November 13, 2020 – Stealth War Newsletter 16

By: Jamestown Foundation

Fri November, 2020, Age: 3 years



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November 13, 2020

Strategic Indicator
This issue’s number to watch


The amount of buildings that have now been deconstructed at the U.S.-built Ream Naval Base in Cambodia. Cambodian officials have stated that the construction is part of planned renovations, amid U.S. fears that the moves are part of a plan to host Chinese forces.

Top Stories

On Thursday, President Trump signed an executive order banning Americans from investing in 31 Chinese companies that the U.S. says supply and otherwise support China’s military, intelligence and security services. This move marks the administration’s first major move toward decoupling American financial markets from China. Even if it were to be later rescinded by an incoming Biden administration, it marks a “historic” warning to U.S. investors about the risks associated with Chinese holdings.

The order, which goes into effect on January 11, blocks American companies from owning shares directly or through funds in any of the targeted companies, which include state-run aerospace, shipbuilding and construction companies as well as technology companies such as Hangzhou Hikvision Digital Technology Co. and Huawei. The latter are heavily involved in developing China’s authoritarian surveillance systems and help expand the PLA’s access to dual-use advanced technologies under the banner of military-civil fusion.

The Trump administration began scrutinizing Chinese companies’ use of U.S. capital markets and financing earlier this year, and the 31 companies in the executive order were previously identified as “Communist Chinese military companies” in blacklists released in June and August. Two of the companies named in the executive order, China Mobile Communications and China Telecommunications Corp., have subsidiaries that trade on the New York Stock Exchange. Additionally, mainland Chinese stocks have increasingly made up a large portion of major indexes that track emerging markets. Investment portfolios and retirement funds often include these indexes, leading their clients—many of whom are average Americans—to inadvertently support China’s military and intelligence services. The number of Americans who own such securities and the value of their investments is unclear, said White House officials.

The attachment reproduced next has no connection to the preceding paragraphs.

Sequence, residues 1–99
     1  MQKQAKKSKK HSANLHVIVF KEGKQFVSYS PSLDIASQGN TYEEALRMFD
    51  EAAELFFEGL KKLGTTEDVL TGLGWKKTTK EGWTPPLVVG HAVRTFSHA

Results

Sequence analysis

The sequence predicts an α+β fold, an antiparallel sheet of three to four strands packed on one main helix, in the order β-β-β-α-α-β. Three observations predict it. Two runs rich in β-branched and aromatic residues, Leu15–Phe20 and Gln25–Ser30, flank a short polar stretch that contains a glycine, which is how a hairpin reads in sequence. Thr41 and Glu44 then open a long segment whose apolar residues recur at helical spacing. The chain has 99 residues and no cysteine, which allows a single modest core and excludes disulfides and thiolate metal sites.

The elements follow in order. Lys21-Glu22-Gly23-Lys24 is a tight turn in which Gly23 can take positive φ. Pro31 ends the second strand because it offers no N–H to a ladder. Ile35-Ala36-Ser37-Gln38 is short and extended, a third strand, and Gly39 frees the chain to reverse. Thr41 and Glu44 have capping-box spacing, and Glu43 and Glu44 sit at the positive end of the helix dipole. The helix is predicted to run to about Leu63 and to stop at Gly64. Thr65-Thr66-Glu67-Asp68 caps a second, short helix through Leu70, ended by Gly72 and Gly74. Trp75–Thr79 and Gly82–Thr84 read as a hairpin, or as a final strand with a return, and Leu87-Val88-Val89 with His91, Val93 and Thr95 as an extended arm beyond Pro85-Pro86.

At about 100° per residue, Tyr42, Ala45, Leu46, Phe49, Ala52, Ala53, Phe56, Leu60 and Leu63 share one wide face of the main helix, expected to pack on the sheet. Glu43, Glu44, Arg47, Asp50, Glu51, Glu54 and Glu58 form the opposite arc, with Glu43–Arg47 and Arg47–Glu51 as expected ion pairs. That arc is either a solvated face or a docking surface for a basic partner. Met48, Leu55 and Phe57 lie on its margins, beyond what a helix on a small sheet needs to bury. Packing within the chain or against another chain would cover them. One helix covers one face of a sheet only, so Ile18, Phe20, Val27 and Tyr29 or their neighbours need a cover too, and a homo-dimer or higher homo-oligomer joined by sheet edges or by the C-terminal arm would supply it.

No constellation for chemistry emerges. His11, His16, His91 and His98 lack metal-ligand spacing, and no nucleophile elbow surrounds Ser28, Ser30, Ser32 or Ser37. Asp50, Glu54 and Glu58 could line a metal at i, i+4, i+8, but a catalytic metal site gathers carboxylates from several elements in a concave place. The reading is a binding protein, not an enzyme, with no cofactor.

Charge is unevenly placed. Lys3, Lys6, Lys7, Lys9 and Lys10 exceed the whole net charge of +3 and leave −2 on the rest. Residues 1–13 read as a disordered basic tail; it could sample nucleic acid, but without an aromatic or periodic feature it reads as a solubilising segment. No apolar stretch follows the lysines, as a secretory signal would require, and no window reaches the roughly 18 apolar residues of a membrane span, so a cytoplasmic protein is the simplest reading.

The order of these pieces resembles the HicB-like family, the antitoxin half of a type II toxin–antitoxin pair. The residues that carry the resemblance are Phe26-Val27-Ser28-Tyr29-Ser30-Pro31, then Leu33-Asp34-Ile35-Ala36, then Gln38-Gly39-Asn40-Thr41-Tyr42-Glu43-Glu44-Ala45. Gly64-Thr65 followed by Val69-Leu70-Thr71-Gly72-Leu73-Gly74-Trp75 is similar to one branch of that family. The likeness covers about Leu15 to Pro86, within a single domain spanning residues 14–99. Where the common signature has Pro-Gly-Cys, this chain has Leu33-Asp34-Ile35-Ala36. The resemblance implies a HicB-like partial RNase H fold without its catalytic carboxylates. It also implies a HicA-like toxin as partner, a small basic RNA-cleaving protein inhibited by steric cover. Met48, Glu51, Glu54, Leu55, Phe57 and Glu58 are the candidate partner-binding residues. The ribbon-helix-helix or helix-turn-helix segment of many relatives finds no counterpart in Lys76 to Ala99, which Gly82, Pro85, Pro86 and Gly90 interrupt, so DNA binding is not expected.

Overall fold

Amid the tumult of recent elections, the deadline to ban TikTok in the U.S. has quietly passed. Although a major concern for U.S. regulators earlier this year, who feared that the wildly popular social media app could present major national security risks because of its ties to the Chinese government, impetus for the ban has waned. The U.S. Commerce Department has accepted a Pennsylvania federal court decision blocking the ban, and will not enforce an executive order issued in August which stated that TikTok would be banned from U.S. markets unless it was divested to a U.S. company by November 12. Microsoft, Oracle, and Walmart were all in talks to buy a U.S. subsidiary of TikTok at various points, but no deal was ever finalized. Despite accepting the injunction, the Commerce Department has filed to appeal the court’s decision.

The situation in Hong Kong continues to deteriorate rapidly. On Monday, the U.S. State and Treasury Department announced sanctions on four more Chinese government security officials in Hong Kong, penalizing them for their alleged role in implementing a June national security law which has been used to crush dissent in the semi-autonomous city. The U.S. previously sanctioned ten Hong Kong officials, including chief executive Carrie Lam, for similar reasons in August. Secretary of State Mike Pompeo said in a statement, “These actions underscore U.S. resolve to hold accountable key figures that are actively eviscerating the freedoms of the people of Hong Kong and undermining Hong Kong’s autonomy.”

But rapidly unfolding events in Hong Kong drove home the symbolic nature of such sanctions. Late last week, Hong Kong police forces rolled out a new hotline for residents to anonymously report breaches of the national security law which criminalizes secession, subversion and collusion with foreign forces. “By encouraging people to report on their friends and neighbors, the Chinese government is replicating in Hong Kong one of its most successful tools for social control: an informant culture,” senior China researcher at Human Rights Watch Maya Wang said of the new development.